My late husband, Richard, taught me how to float in the summer of 2002. Even though I have been able to swim since childhood, I had somehow lost the ability to float. I couldn’t relax the right way in the water so my long legs sank like marble pillars as soon as I tried to float. I had lost that limber trust in the water. I didn’t want to rely on it to hold me up.
One afternoon at his parents’ place, we went down to the pool. They live in a very nice condominium complex, not exactly a starter home kind of joint, so we were the youngest people at the pool by a good 30 years. We waded out into the shallow end for my lesson.
“Just relax your body,” he said. Oh, OK. Gosh, I didn’t know it was that simple. I stretched out my legs and stuck out my arms but as soon as I dipped my head back towards the surface of the water, my legs dropped like a lever.
Richard was a born teacher–he taught skiing to tourists, he taught canoeing to campers, he taught finance to business majors. He tried to break it down into pieces. I held the side of the pool and let my legs float. No problem. Then he held my legs–not in a racy fashion since we were being observed by about 30 Nanas, Bubbies, and Pop Pops. I tried to tip my head into the water but began to thrash as soon as the water touched my head.
Clearly, my head was the problem (this is where my therapist would probably raise her eyebrow and say, “AS USUAL!”). So he promised that he wouldn’t let my head sink. He held me under the shoulders and I stretched out into the cool blue water.
“Now take a breath in. See how you float up?” It worked!
“Now let that breath out and feel your body sink.” I exhaled and felt the water climb higher around me. I started to wiggle in panic. Quickly, Richard said, “Breathe in!”
I floated right back up to the top of the water with a triumphant grin. And a little knot in my neck dissolved. I had learned that I could loosen up a little and the water would catch me. “Now let it out…” He held me while I practiced letting go of my breath and slowly taking it back in. My head still lay on the valley of his forearms, high and dry.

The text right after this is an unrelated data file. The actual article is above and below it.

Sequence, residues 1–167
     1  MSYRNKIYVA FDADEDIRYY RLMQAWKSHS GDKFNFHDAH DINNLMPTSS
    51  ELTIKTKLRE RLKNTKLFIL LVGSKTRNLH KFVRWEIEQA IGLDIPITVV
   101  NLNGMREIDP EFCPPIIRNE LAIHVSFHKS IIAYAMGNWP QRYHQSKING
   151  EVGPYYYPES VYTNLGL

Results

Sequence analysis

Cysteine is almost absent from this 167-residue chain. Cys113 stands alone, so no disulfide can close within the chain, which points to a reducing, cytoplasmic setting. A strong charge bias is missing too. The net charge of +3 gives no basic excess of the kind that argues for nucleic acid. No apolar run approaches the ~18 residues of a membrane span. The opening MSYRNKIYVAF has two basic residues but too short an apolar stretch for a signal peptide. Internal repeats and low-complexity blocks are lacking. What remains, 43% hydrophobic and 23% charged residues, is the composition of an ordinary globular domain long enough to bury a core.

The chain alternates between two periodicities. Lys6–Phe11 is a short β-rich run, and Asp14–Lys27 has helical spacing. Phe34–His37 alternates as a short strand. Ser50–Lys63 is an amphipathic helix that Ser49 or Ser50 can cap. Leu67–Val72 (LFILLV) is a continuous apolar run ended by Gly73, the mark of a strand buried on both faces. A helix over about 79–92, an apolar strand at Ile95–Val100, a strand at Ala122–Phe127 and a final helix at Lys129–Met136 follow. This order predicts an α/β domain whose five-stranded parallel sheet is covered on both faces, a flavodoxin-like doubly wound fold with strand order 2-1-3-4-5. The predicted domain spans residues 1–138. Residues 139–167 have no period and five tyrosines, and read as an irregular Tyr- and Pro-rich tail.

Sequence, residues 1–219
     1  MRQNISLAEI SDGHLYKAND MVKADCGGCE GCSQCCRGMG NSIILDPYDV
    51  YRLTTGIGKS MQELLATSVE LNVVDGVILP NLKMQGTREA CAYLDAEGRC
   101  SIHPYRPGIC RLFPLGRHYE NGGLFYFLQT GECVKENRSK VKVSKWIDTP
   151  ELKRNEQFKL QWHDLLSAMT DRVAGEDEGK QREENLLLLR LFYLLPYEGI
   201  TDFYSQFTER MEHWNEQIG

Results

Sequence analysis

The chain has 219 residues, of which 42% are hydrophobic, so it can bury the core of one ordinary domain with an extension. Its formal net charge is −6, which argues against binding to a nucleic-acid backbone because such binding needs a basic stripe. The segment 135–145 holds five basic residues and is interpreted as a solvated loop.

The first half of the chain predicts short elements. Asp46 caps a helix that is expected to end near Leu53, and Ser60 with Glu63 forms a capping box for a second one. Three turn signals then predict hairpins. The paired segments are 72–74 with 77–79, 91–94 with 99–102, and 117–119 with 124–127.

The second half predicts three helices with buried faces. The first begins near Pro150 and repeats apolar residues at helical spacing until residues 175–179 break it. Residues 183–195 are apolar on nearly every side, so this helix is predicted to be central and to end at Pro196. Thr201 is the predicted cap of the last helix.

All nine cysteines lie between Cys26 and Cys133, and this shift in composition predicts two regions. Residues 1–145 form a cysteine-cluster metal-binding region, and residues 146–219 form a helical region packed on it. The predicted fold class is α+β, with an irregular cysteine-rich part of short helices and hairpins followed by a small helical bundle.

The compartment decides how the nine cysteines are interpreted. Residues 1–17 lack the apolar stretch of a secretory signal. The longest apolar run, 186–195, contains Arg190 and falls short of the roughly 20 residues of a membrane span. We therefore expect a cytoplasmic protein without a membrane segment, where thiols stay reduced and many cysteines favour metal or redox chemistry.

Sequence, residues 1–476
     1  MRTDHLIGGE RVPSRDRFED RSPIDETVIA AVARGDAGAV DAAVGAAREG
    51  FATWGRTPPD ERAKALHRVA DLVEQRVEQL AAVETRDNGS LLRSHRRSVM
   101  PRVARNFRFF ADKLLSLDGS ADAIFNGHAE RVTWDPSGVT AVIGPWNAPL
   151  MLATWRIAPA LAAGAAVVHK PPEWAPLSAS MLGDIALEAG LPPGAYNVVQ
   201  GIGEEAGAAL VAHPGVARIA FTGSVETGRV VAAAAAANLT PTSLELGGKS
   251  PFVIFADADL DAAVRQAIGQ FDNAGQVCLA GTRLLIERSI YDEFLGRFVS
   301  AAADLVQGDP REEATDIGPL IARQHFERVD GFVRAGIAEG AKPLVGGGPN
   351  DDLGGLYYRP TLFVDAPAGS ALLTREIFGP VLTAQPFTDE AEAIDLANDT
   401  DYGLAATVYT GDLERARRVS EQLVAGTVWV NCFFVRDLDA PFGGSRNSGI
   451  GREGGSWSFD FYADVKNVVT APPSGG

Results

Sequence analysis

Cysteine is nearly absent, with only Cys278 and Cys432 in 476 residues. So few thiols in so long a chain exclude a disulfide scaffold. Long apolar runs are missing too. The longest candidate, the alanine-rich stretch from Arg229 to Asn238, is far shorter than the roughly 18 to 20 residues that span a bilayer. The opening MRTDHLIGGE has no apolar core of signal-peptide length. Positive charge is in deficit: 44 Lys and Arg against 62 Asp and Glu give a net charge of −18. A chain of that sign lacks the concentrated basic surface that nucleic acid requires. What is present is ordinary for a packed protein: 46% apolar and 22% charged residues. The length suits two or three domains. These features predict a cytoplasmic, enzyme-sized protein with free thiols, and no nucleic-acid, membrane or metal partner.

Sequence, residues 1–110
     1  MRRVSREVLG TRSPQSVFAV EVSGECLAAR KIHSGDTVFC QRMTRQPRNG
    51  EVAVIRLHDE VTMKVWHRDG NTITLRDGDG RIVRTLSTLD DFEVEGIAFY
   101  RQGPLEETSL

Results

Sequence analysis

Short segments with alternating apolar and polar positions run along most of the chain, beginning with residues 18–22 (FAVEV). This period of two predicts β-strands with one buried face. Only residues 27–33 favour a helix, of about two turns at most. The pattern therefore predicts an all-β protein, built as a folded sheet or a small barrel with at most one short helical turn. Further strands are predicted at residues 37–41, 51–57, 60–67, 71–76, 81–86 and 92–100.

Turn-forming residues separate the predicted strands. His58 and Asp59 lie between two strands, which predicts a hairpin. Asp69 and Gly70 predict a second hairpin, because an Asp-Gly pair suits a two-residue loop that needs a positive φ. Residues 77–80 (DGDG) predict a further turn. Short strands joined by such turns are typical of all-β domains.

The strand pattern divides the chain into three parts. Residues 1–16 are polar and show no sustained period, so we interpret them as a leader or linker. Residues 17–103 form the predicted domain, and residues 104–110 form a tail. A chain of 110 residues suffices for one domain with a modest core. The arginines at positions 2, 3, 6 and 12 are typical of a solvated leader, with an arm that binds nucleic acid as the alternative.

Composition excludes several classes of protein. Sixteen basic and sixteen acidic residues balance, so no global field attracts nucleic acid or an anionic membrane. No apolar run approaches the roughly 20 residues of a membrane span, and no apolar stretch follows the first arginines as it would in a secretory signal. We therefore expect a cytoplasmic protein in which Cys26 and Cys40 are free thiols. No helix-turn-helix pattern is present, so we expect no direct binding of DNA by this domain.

“You’re going to have to let the water get in your ears if you want to float. It will be OK.” He let his hands drop slowly from beneath my shoulders. I felt the cold water tingle up the back of my scalp and pour into my ears. I took a deep breath to bob back to the surface. It wasn’t so bad. I let the breath go and just like that…I was floating. On my own.
Straight above me stretched the clear blue sky. To my right, the open stretch of the Potomac River, with a jet following the path of the water on its descent to National. I floated in a perfectly round and perfectly blue and perfectly cool pool next to a man who loved to show me all I could do. If I just let my brain get out of the way.
I stood up to see the world from vertical again. I gave him a chaste little kiss and said, “Thank you. I’m proud of myself.”
He grinned and said, “Next I’ll show you how to do THIS!” He curled up into a tight ball, squeezing his knees to his chest, and with a long slow exhale of bubbles, he sank to the bottom of the pool. It was one of his favorite tricks.
As I stood there waiting for him to bob back up when he got tired of holding his breath, one of the residents joined us in the pool. Well, she came as far as the third step. In her black maillot and swim cap, she stood in the water up to her thighs, splashing a little water up onto her arms.
And she farted.
I don’t mean “toot toot” like you think a Nana might fart. I mean “BRAAAAAAAAPPPPPHHH!” Like someone stepped on a duck.
Since I had been raised right, I pretended not to notice. We all suffer a little slip now and then and pools can make for confusing acoustics. Who am I to judge?
Richard erupted from the water with a splash and a gasp. “I’m losing my form. I used to be able to stay down a lot longer.”
At that very moment, the woman beside us let fly again. “BUH-WONK!” Richard’s eyebrows shot up and he–having also been raised right–looked ever so casually around to see who had stepped on a duck. It was just us and her in the water. Everyone else chatted on lounge chairs in the shade of the pergola. He turned back to me and gave the straight face double eyebrow raise.
We tried to be nonchalant about it, but we started making our way to the deep end as she continued to toot her own horn. Once we were a safe distance away, I said, “Do you think she thinks she under water and no one can hear?”
Richard said, “No, I think she’s lived long enough that she just doesn’t give a shit.”